shooting at a Michigan high school when a 15-year-old student opened fire “with the intent to kill,” authorities said.
Four teenagers died and seven people were injured at Oxford High School in Oakland County when a gunman fired what sheriff’s deputies now believe to be 30 shots Tuesday afternoon and tried to breach classroom doors.
“He came out with the intent to kill people. He was shooting people at close range, oftentimes toward the head or chest,” Sheriff Michael Bouchard said on CNN early Wednesday. “It’s chilling. It’s just absolutely cold-hearted murderous.”
Bouchard said the suspect was arrested at the scene roughly 45 minutes northwest of Detroit. The sheriff’s office identified the victims as Tate Myre, 16; Hana St. Juliana, 14; Madisyn Baldwin, 17; and Justin Shilling, 17.
Chilling video shows Michigan students escape through window during shooting
Abbey Hodder, 15, a sophomore, was in chemistry class when she thought she heard glass breaking.
“My teacher kind of ran out and was scrambling,” she said, describing how she and her classmates followed their active shooter training. “The next thing I knew I saw he was pushing tables. It’s part of school protocol to barricade, so we all knew, barricade, barricade down. And we all started pushing tables.”
Oakland County Prosecutor Karen McDonald said in a statement that her office was reviewing the case and intended to “issue appropriate charges quickly.”
Bouchard said that the suspect’s father bought the gun Friday and that the teen appeared to post images of the gun online days before the shooting.
Undersheriff Michael McCabe acknowledged there were rumors about warning signs and said that they were being investigated. At least one parent told The Associated Press that her son was not in school over fears something could happen.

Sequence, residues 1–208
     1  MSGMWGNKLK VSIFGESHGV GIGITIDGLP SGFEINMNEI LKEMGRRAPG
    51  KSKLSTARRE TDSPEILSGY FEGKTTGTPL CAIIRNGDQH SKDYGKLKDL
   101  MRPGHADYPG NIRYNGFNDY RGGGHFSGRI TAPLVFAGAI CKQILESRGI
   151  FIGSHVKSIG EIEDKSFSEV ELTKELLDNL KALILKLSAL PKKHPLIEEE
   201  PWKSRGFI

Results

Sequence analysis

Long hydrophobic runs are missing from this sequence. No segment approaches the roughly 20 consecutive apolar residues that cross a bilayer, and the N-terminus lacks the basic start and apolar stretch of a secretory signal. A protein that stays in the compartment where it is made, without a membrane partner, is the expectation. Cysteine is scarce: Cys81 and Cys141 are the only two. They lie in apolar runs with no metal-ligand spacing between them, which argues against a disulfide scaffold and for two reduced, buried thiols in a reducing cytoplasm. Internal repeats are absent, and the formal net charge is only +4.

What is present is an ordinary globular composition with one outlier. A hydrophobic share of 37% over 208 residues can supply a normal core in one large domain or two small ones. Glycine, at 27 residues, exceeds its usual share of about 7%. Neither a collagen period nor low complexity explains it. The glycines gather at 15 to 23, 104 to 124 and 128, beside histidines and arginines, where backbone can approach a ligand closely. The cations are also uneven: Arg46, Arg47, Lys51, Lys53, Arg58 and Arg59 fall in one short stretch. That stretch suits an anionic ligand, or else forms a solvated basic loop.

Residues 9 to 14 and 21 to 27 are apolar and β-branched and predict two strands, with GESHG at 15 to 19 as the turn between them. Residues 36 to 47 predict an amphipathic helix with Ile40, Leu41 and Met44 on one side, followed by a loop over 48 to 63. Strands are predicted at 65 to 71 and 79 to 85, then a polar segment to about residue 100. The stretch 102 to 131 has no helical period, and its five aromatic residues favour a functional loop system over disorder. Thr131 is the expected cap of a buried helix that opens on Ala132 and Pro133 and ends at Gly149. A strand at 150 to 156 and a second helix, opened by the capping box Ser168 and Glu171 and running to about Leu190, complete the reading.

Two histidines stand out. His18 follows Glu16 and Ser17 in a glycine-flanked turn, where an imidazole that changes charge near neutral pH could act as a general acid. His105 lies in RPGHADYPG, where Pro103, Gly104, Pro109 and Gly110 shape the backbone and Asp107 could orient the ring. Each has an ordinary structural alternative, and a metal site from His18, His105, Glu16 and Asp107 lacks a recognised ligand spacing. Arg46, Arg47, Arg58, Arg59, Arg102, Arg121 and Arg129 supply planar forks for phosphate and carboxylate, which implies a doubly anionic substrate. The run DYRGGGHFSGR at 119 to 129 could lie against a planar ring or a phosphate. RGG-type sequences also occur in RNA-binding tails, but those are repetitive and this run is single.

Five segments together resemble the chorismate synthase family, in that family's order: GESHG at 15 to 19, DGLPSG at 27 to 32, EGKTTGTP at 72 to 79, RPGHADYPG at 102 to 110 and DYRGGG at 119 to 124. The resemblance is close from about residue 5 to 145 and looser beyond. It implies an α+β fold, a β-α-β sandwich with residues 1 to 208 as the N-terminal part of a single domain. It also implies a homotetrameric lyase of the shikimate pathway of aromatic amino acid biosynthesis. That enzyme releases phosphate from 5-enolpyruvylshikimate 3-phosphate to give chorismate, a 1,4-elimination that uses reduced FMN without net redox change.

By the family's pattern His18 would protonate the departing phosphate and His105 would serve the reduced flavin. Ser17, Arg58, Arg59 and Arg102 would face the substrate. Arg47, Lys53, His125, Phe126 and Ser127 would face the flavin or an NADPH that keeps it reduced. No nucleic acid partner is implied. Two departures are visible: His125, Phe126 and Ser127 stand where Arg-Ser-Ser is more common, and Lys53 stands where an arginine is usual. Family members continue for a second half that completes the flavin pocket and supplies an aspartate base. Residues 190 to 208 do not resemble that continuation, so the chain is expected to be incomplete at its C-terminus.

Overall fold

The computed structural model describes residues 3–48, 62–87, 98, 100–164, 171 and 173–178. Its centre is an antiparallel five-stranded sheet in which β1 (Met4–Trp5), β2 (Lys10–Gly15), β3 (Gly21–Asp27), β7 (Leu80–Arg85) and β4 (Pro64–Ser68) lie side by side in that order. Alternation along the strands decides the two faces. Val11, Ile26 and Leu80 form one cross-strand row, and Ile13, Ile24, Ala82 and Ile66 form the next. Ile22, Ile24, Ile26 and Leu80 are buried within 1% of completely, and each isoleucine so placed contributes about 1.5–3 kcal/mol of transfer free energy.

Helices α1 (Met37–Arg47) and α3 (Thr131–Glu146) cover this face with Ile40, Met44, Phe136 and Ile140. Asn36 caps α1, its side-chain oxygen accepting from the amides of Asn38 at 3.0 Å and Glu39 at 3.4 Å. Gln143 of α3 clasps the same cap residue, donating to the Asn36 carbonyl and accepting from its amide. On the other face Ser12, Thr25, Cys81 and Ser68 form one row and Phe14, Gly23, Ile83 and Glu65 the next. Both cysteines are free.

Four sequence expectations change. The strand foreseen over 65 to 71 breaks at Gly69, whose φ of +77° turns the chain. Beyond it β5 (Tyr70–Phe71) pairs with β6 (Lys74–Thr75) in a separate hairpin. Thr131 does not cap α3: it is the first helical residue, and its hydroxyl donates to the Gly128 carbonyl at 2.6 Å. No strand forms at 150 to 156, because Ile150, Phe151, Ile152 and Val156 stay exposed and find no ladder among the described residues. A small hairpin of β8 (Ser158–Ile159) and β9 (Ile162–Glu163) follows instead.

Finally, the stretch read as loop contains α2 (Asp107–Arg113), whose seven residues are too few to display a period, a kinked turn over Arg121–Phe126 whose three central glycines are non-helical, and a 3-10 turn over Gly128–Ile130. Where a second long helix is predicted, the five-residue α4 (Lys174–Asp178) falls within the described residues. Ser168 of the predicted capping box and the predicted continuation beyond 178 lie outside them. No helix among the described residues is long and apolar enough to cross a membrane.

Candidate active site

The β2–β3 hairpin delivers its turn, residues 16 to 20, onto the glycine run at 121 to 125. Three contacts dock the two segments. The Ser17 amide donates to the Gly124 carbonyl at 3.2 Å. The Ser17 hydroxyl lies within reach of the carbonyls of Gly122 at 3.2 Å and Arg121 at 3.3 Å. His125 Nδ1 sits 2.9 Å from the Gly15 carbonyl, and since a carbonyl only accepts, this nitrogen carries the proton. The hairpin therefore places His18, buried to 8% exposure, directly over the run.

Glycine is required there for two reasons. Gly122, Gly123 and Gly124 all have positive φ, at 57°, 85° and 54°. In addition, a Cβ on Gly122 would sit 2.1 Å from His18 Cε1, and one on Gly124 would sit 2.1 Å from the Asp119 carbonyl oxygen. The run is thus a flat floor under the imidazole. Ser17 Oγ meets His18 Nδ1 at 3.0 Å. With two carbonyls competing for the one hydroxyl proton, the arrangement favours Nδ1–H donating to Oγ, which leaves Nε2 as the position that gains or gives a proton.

Oxford High in Michigan is 28th school shooting of 2021
The suspect, a sophomore from the Village of Oxford whom authorities have not identified, was in class during the day, McCabe said. The weapon was a 9mm Sig Sauer SP 2022 pistol. Bouchard said the teen was arrested with seven rounds still in a magazine and one in the chamber.
The suspect invoked his right not to speak to investigators and requested a lawyer. He was being held at the county’s juvenile detention facility and was under suicide watch, County Executive David Coulter said Tuesday night.
Tate Myre died in a patrol car as a deputy rushed him to a hospital, Bouchard said. Justin Shilling died Wednesday at a local hospital.
Seven people were injured, including a teacher. Bouchard said most of the remaining gunshot victims were stable but some remained in critical condition. Police had said a 14-year-old girl was placed on a ventilator after surgery and the 47-year-old teacher was discharged after being treated.
A post on the Twitter page for Oxford High School’s football team said Tate had been a varsity football player since his first year and was an honor student. “Tate was a great young man with a bright future and beloved by all. You will be missed, Tate,” the tweet read.
“He was a tremendous football player with the brightest of futures and was an even better young man off the field as he was on it,” another tweet read.
The school’s women’s basketball team tweeted that Hana St. Juliana was a dedicated member of the program. “We will never forget your kind heart, silly personality, and passion for the game. … This season we play for you Hana,” the post read.
Madisyn Baldwin’s grandmother described the 17-year-old as a talented artist and told WDIV-TV she already had received multiple college acceptances. Madisyn was patient and “so kind,” her grandmother told the TV station.